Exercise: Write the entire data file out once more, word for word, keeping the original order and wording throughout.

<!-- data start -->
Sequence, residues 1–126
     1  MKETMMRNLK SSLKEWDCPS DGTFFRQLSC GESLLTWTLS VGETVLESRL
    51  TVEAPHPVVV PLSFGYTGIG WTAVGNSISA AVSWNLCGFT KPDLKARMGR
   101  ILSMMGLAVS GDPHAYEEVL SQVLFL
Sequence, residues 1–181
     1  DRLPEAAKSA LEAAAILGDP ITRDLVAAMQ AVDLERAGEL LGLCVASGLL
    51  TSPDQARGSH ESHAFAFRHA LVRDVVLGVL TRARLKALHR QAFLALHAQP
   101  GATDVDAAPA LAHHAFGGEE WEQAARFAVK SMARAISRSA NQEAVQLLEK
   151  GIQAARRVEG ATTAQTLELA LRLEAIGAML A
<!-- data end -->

Sequence, residues 1–126
     1  MKETMMRNLK SSLKEWDCPS DGTFFRQLSC GESLLTWTLS VGETVLESRL
    51  TVEAPHPVVV PLSFGYTGIG WTAVGNSISA AVSWNLCGFT KPDLKARMGR
   101  ILSMMGLAVS GDPHAYEEVL SQVLFL
Sequence, residues 1–181
     1  DRLPEAAKSA LEAAAILGDP ITRDLVAAMQ AVDLERAGEL LGLCVASGLL
    51  TSPDQARGSH ESHAFAFRHA LVRDVVLGVL TRARLKALHR QAFLALHAQP
   101  GATDVDAAPA LAHHAFGGEE WEQAARFAVK SMARAISRSA NQEAVQLLEK
   151  GIQAARRVEG ATTAQTLELA LRLEAIGAML A